This past week I took a cooking class, and the takeaway was that there is still so much that I have to learn, no matter how mad scientist I sometimes get in the kitchen. But, thanks in large part to the book project I've been working on, I've become quite aware of what's in food (get away from me, Yellow #5!) and am much more interested how things are prepared. Not that I was ever much a processed food kind of gal, but I've become much more mindful.
This weekend I ended up with way too much cilantro from the farmer's market. Seriously, what am supposed to do with all this? It's the size of my head. And it was only $1.50.
Since Saturday I have been trying to find things to do with it. I've mixed it in with salads and found a salmon recipe that uses it in the glaze. Then I remembered that years ago Tribe Hummus used to make a cilantro flavored hummus, which I loved. They've discontinued it, but I figured recreating it would be a good way to get rid of some of this cilantro.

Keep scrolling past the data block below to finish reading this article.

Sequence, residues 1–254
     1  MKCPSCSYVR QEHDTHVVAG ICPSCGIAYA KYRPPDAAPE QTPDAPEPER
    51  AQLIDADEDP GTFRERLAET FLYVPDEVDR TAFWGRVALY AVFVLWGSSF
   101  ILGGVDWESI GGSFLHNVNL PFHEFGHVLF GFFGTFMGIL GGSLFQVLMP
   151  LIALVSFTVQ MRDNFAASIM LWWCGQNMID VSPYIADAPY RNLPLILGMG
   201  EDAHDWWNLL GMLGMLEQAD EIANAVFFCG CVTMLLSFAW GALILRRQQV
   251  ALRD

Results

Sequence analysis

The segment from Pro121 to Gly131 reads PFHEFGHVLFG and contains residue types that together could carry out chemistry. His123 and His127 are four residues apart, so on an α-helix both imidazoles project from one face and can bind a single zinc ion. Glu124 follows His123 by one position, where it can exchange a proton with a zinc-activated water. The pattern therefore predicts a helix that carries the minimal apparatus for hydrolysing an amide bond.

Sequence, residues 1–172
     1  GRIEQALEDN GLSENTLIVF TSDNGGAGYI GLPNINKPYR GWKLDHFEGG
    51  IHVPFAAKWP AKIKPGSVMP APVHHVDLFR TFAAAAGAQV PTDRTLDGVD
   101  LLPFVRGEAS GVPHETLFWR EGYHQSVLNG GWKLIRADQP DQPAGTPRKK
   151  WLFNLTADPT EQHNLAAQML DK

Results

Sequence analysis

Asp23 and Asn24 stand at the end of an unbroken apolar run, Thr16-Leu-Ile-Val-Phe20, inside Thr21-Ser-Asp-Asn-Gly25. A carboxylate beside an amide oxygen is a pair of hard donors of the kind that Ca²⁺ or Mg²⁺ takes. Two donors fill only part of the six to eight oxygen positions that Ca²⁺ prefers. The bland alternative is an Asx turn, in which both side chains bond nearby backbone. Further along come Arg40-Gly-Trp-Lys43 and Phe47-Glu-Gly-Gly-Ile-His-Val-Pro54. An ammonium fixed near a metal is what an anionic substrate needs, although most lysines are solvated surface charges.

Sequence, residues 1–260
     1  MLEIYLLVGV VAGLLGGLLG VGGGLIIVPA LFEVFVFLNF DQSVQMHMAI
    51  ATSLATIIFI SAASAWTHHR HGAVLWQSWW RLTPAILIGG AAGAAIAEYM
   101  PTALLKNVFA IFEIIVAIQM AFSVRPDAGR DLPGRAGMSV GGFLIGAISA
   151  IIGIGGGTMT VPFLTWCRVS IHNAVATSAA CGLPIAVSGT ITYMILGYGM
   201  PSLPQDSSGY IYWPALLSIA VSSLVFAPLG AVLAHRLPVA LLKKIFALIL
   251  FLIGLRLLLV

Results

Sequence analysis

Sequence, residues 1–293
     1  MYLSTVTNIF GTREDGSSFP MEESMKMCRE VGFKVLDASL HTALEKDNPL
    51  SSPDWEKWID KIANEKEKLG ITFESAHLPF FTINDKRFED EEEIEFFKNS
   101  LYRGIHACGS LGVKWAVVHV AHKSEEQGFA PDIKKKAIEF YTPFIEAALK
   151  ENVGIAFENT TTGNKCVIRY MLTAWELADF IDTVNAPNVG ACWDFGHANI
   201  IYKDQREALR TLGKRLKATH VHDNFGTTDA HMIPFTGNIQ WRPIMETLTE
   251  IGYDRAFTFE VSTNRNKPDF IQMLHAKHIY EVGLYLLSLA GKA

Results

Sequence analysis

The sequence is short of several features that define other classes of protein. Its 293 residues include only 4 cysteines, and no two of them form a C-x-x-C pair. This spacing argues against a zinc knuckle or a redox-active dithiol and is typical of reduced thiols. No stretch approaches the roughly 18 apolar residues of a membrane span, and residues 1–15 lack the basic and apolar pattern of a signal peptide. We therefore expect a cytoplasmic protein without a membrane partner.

Making hummus is relatively easy, but it involves constant tweaking. There's no need for a recipe (chick peas, blender, olive oil, and anything else you want to throw in there.) Pretty much every recipe online, though, will tell you to put in half a cup of lime juice into cilantro hummus, but I can assure you that is far too much.
This was my finished product. It's a little green, but in a good way. And it tastes better than anything Tribe ever put out. (Just don't spread it on graham crackers. That's the opposite of a good food pairing.)
It's important to make your own snack food, especially when this exists.
And...most important. According to the TED Talk below, cooking is what has helped the human brain evolve beyond that of other primates.